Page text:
The first half of the book covers the earlier history of the bank, and I'll confess I skimmed some of this. Mr Cohan uses this to build up to the central theme of what makes Goldman different from other banks; then, covering the period from 1998 on, the story changes gear and it becomes clear what we're hearing is based on verbatim accounts from interviews (and a lot of material that was subpeonaed by the US Congress).

Crucially, Mr Cohan has the skill to appreciate two things - in my experience it's rare for people to get both : just how good Goldman Sachs are at what they do; and just how few people outside the bank benefit from what they do. There's something deeply depressing about the maths genius (who found the Math Olympiad "laughably easy") who now spends his days building models to help good traders exploit suckers. Mr Cohan's refusal to follow the cheap sneer route makes the book actually all the more damning about our financial system.
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8 of 9 people found the following review helpful
5.0 out of 5 stars In a class of its own 4 Aug 2011
Format:Hardcover
This is a great book. Following William D Cohan's The Last Tycoons: The Secret History of Lazard Frères & Co.: The Secret History of Lazard Freres & Co. and House of Cards: How Wall Street's Gamblers Broke Capitalism on the crash on Wall Street I am not at all surprised that he has decided to publish an unauthorised history on Wall Street's enfant terrible, Goldman Sachs (GS). And he does an excellent job. In 2008, Charles D. Ellis published The Partnership: The Making of Goldman Sachs and whilst that is also a rather good book, I must admit that I prefer Cohan's writing style over that of Ellis.

About the first favour you can do yourself when you spot this book is to ignore the snake on the cover and the second title. I suppose they are there for marketing purpose but they confuse the issue. Once you have read the first 50-odd pages you are beginning to understand what a tremendous amount of research must have gone into the book.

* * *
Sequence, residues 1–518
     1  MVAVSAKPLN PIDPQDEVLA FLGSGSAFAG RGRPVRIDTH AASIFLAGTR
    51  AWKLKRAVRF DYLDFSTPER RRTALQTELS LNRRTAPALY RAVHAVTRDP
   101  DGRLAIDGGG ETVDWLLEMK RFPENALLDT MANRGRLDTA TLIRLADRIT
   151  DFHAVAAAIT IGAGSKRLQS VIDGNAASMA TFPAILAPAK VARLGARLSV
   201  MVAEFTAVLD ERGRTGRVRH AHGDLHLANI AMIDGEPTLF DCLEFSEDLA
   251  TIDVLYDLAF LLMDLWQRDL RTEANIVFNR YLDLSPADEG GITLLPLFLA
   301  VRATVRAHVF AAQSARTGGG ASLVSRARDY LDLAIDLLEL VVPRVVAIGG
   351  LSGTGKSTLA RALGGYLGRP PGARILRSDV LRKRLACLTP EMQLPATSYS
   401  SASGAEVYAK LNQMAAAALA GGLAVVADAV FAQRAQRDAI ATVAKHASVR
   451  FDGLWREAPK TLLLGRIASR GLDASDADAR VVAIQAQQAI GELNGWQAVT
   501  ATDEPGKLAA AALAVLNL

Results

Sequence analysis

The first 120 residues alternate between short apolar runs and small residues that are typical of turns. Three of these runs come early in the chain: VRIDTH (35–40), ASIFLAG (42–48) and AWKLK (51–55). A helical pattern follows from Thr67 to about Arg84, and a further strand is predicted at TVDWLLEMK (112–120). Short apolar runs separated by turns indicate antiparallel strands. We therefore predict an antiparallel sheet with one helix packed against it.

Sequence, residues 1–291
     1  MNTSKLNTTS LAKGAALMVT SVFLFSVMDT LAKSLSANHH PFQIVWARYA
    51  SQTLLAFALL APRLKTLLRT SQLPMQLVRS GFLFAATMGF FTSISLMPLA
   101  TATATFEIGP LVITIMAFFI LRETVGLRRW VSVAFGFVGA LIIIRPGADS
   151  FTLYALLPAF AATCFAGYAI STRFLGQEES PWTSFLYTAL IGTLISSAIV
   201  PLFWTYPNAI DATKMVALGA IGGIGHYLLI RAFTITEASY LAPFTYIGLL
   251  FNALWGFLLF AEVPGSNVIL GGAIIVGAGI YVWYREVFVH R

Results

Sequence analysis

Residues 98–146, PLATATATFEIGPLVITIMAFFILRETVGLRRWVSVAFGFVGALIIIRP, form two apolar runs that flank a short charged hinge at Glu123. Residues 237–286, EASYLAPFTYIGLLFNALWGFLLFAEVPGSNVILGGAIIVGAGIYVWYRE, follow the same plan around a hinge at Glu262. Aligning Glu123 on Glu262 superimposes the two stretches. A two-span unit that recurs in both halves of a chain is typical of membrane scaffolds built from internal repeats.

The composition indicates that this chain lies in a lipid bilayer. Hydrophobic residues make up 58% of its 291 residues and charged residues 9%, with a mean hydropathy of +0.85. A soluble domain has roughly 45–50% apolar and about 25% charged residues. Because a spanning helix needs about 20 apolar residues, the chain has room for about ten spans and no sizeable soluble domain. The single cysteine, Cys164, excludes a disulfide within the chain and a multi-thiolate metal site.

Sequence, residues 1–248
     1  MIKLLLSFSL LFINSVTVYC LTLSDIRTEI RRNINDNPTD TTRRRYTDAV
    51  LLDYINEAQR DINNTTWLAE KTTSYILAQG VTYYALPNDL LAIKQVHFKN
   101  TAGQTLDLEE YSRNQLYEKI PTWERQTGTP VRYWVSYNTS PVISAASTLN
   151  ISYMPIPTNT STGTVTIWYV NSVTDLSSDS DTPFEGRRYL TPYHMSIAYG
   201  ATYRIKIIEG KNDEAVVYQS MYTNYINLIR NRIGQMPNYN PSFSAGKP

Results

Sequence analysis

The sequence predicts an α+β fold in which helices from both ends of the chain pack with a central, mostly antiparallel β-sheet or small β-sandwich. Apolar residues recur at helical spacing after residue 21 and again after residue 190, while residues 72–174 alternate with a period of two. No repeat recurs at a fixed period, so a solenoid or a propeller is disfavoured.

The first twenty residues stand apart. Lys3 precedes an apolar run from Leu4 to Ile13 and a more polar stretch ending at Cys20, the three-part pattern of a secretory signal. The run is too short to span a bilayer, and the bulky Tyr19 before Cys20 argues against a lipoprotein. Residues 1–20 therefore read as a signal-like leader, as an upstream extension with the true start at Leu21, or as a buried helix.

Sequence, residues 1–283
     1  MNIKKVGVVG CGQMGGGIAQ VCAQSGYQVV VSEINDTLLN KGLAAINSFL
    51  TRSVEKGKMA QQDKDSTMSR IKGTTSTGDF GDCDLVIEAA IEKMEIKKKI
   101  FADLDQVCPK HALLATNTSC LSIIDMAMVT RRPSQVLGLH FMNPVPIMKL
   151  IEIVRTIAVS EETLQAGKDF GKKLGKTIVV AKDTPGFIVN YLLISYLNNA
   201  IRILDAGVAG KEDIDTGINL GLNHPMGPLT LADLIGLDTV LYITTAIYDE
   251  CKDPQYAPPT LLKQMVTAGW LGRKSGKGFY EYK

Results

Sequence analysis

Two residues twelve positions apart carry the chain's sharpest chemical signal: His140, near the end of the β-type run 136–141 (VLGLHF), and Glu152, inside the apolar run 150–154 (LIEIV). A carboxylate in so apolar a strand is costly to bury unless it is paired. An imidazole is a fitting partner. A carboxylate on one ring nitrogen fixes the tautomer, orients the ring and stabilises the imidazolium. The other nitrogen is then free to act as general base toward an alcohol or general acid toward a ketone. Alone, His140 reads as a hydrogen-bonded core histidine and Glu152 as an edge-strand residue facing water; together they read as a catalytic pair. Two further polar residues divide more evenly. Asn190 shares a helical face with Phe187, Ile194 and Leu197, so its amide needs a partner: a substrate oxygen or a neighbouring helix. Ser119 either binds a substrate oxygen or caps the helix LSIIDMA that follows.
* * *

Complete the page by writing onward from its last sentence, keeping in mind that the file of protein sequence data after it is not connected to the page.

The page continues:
Cohan tells the history of GS from its beginnings in 1869 and although it is a well-told story the more interesting period for me personally were the 1980s right up to now.
It seems that GS never really had any succession problems until the time Robert Rubin decided to join the Clinton Administration; every succession after that appeared to involve a lot of infighting. That's at least the impression the author left me with.
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2 of 2 people found the following review helpful
5.0 out of 5 stars Money and Power 1 Jun 2012
By Rolf Dobelli TOP 500 REVIEWER
Format:Hardcover
Whether you think Goldman Sachs is "doing "God's work" or acting like a money-sucking "vampire squid," William D. Cohan, a journalist and former investment banker, will challenge your opinion with his sweeping history of the vaunted Wall Street firm. From its beginnings in the 19th century to its dominance in the 20th and its slight ebb in the 21st, Goldman Sachs presents a fascinating case study of the talent, determination and hubris that informs Wall Street. Cohan compiles top reporting with interviews with Goldman's current and former leaders, and with insiders, outsiders, pundits and critics, to present a detailed, sometimes tedious but usually riveting look at the complex, secretive company. getAbstract recommends this history to those compelled by the enigma that is Goldman Sachs.
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1 of 1 people found the following review helpful
By edward
Format:Kindle Edition
Its bit long and could have edited down bit to make it a sharper read also would mean that more people actually read this book as would imagine has low full read rate because needlessly long.

its interesting reading about these coperate employees the amognst the highest paid employees about.
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5.0 out of 5 stars a great book for every financial job 15 Jan 2014
Format:Paperback|Verified Purchase
Great book about an amazing company. I have read two other books about GS and this is superior in terms of (i) comprehensive coverage of the firm's history, (ii) balanced and yet undiluted accounts of the bad behaviours in the firm's history and (iii) clear description of the firm's culture, its evolution and the personalities that shape it from the founding family, Sydney Weinberg, all the leaders up to the current CEO Lloyd Blankfein.